music writer Randy Lewis and pop music critic Robert
Hilburn worked together at The Times for a
quarter-century before Hilburn retired in 2006.
pair sat down recently to talk about Hilburnís latest
book, "Paul Simon ó The Life," published by
Simon & Schuster Tuesday, just ahead of Simonís
farewell tour concerts at the Hollywood Bowl on May 22,
23 and 28.
is Hilburnís third book since leaving The Times and
follows "Johnny Cash ó The Life" (Little,
Brown & Co., 2013).
You chose Johnny Cash as the subject of your first
biography. Why Paul Simon?
When I first went to the L.A. Times in 1970, the
question I had was "Who should I write about?"
When I began to interview people from the í60s, my
first question was always "What was your favorite
record?" They would always say Elvis Presley, Chuck
Berry, Jerry Lee Lewis, Little Richard and maybe
when I started interviewing people from the í70s
generation and asked, "What was your first record
ó who influenced you?" it was always the Beatles,
the Stones, Bob Dylan, maybe somebody else ó and Elvis
Presley, Jerry Lee Lewis, Chuck Berry and Little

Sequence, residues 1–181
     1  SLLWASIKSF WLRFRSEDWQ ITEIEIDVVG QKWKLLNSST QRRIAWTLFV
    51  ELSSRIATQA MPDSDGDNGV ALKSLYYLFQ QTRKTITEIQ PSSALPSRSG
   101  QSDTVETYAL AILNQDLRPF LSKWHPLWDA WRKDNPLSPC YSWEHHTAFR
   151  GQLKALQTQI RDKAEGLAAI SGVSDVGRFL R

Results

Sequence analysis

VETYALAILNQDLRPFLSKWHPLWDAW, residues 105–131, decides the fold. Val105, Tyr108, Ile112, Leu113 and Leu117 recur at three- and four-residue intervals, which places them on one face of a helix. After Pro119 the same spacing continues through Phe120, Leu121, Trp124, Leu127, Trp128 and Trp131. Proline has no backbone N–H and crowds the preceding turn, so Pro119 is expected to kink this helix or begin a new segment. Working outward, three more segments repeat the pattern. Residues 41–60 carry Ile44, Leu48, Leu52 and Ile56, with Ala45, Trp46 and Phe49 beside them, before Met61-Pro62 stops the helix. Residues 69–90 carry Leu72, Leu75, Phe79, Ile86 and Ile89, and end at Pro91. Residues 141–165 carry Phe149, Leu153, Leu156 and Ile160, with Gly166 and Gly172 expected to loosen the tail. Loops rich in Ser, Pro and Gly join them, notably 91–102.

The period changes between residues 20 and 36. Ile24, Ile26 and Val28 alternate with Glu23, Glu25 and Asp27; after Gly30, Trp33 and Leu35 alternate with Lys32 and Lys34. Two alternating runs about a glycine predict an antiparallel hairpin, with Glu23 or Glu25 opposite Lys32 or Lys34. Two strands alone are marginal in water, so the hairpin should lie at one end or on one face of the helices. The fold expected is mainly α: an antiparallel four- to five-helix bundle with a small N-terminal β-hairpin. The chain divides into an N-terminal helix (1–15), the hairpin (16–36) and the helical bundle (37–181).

I thought, maybe thatís what you do ó you donít
try to follow whoís No. 1 every week, because thatís
often somebody maybe nobody cares about. So Iím going
to try to think of the artists who, 10 years from now,
the musicians are going to say, and the fans are going
to say, "Thatís the person who was
Still, a number of artists could fit that description.
While I was writing the Cash book, I saw Simon at the
Fonda Theatre across from the Pantages [in Hollywood].
He was doing the "So Beautiful or So What"
tour [in 2011]. I listened to that album and I thought,
"My God, thatís a great album." I love the
song "Questions for the Angels." I was
thinking, "Who else is active today who is writing
music that can stand up to their earliest, best
stuff?" Paul McCartney canít, Brian Wilson canít,
Joni Mitchell canít. Even Dylan ó Iím not sure.
after the Cash book, I tried to think "Whoís the
best songwriter I can think of that would make an
interesting book, and who would tell me about the whole
issue of artistry: how artistry comes about and how you
have to protect it?" Thereís the issue of fame:
Look at Elvis ó he was destroyed by fame and
womanizing and drugs and stuff. All these artists have
these [hurdles]: marriage, divorce, changes in public
taste, laziness, running out of talent.
why I talked to people like Quincy Jones and Allen
Toussaint, people who have worked with a lot of great